Re: [OPE-L] Albritton on Arthur

From: glevy@PRATT.EDU
Date: Sat Mar 25 2006 - 08:47:16 EST

Hi Chris,

You didn't see Robbie's review in _La Travail_ and I haven't read
the exchange between the two of you in _Historical Materialism_.
But, it may indeed be the case that similar points were made in each,
especially since he wrote in the review that he would "condense this
discussion down to two fundamental points".  I brought the review
to the attention of the list because I thought that the same criticism
that he made about your alleged "incoherence" could also be extended
to some others on the list.

First, a side point. Robbie claims that:

"The basic problem is that in Capital the basic contradiction is between
value and use-value from the beginning. By pushing use-value into the
background, Arthur makes capital into pure form, which in turn leads him
to overemphasize the role of pure form determination in the entire theory."

but this doesn't sound right: in your theory is use-value pushed into the

It is the next section that could have been written as a criticism
of the perspectives of many others on this list:

"This leads to incoherence because he then wavers between emphasizing the
preeminance of value form theory, on the one hand, and the claim that
"value is the outcome of class struggle at the point of production" (57)
on the other. If we take this latter claim seriously, then the laws of
motion of capital disappear altogether, since we cannot generalize about
value beyond saying that it varies with the balance of class forces in
each factory. The problem is that he defeats his own dialectic by first
evacuating use-value and then returning to it with such a vengeance. It is
fine to claim that "labour is in and against capital;" but at the level of
systematic dialectics, we cannot give the "against" any specific content,
precisely because at this level the labour market, periodic crises, etc.
regulate wages and the supply of labour. Again, it is not a question of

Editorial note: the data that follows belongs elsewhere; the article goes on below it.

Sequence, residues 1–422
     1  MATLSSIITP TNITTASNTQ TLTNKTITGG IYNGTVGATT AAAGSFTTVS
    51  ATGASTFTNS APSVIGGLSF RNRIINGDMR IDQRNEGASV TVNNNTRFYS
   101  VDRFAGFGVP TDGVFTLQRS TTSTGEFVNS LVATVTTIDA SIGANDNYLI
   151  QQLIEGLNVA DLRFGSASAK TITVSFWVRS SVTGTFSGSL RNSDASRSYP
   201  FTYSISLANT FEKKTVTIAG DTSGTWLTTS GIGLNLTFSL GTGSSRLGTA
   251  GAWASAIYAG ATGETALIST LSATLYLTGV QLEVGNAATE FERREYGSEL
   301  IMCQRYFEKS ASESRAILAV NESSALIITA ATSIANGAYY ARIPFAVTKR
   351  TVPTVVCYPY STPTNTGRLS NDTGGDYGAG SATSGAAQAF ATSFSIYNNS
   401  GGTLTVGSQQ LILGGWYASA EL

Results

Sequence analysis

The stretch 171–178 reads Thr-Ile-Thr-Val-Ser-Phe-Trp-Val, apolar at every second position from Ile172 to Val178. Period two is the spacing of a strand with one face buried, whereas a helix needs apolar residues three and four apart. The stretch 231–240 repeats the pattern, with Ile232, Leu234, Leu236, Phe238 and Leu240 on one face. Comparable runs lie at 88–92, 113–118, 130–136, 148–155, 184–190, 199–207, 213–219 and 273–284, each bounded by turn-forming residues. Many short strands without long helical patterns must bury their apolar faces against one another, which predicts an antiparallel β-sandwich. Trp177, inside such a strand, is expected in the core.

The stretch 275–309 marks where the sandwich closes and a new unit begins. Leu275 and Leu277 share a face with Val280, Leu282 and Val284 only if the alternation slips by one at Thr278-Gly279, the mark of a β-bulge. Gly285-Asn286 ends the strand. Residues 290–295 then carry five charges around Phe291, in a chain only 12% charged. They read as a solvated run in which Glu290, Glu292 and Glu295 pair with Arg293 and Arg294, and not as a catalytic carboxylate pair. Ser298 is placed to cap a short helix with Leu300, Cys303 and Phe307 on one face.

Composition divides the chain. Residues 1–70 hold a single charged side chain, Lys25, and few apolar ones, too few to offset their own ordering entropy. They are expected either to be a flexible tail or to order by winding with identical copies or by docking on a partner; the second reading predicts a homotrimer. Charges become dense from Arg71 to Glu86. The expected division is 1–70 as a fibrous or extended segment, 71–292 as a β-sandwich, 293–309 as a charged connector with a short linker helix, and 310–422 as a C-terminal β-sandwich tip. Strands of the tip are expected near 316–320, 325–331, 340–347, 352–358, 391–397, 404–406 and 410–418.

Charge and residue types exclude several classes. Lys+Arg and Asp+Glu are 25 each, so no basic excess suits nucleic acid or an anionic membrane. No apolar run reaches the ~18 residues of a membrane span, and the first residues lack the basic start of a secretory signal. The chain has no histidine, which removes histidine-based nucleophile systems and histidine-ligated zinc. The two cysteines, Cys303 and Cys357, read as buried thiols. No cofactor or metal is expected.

denying labourers all subjectivity, but of seeing capital's
commodification of labour-power as successfully channelling that
subjectivity into channels supportive of profit maximization. For example,
workers are free to quit any job, but at this level of abstraction, we
assume that any other job will have similar wages and working conditions.
Workers are free to bargain for the highest wages possible, but this
bargaining power is undermined by the fact that in pure capitalism we
cannot assume the existence of trade unions and by periodic crises that
produce high unemployment. 8
            Arthur again falls towards incoherence when he argues that the
systematic dialectic of capital has two subjects - capital and
labour. If labour is outside capital, then the dialectic must
be of capital and labour - two totalities and their
interrelations. Arthur tries to say that there is really one
totality, but labour is relatively autonomous within this
totality. But if labour is even relatively outside, it can
continually disrupt the dialectic in unpredictable ways thus
preventing it having any coherence. In order to have a
coherent theory of capital's inner logic, we must assume that
labour power has been securely commodified. The reason Arthur
has a problem with this is that he wrongly thinks that such an
assumption must deny all subjectivity to workers, and because
he thinks that the class struggle that is so present in
history must for some reason be diminished if it is not also
given a central position in systematic dialectics. This latter
concern, I believe, stems from inadequate attention to
articulating the relations between systematic and historical
dialectics as distinct levels of analysis. In other words,
Arthur at times gets sucked into the very logical-historical
method that he explicitly rejects. For if the levels are
distinct, the reification at the level of systematic
dialectics that subsumes labour to capital can, at the level
of historical analysis, always be resisted and even radically
transformed. 9"

Do others on the list recognize this as a critique that could be extended
to others?  How can/should it be answered?

In solidarity, Jerry

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